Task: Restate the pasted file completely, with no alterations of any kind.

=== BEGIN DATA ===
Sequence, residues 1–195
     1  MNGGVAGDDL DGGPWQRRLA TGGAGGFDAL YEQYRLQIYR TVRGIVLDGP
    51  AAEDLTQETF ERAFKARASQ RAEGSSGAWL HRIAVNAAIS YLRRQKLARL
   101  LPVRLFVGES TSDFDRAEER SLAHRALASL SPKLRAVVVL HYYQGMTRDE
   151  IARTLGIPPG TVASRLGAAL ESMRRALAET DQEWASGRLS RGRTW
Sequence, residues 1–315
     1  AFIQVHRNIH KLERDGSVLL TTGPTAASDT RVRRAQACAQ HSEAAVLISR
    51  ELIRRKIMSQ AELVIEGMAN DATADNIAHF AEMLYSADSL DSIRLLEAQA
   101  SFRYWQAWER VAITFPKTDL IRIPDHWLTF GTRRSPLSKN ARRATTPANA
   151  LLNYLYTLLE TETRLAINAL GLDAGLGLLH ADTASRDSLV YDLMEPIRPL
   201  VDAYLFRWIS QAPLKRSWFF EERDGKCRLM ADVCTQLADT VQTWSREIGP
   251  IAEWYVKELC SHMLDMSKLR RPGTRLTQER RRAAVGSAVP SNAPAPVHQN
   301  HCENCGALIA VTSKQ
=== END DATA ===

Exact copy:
Sequence, residues 1–195
     1  MNGGVAGDDL DGGPWQRRLA TGGAGGFDAL YEQYRLQIYR TVRGIVLDGP
    51  AAEDLTQETF ERAFKARASQ RAEGSSGAWL HRIAVNAAIS YLRRQKLARL
   101  LPVRLFVGES TSDFDRAEER SLAHRALASL SPKLRAVVVL HYYQGMTRDE
   151  IARTLGIPPG TVASRLGAAL ESMRRALAET DQEWASGRLS RGRTW
Sequence, residues 1–315
     1  AFIQVHRNIH KLERDGSVLL TTGPTAASDT RVRRAQACAQ HSEAAVLISR
    51  ELIRRKIMSQ AELVIEGMAN DATADNIAHF AEMLYSADSL DSIRLLEAQA
   101  SFRYWQAWER VAITFPKTDL IRIPDHWLTF GTRRSPLSKN ARRATTPANA
   151  LLNYLYTLLE TETRLAINAL GLDAGLGLLH ADTASRDSLV YDLMEPIRPL
   201  VDAYLFRWIS QAPLKRSWFF EERDGKCRLM ADVCTQLADT VQTWSREIGP
   251  IAEWYVKELC SHMLDMSKLR RPGTRLTQER RRAAVGSAVP SNAPAPVHQN
   301  HCENCGALIA VTSKQ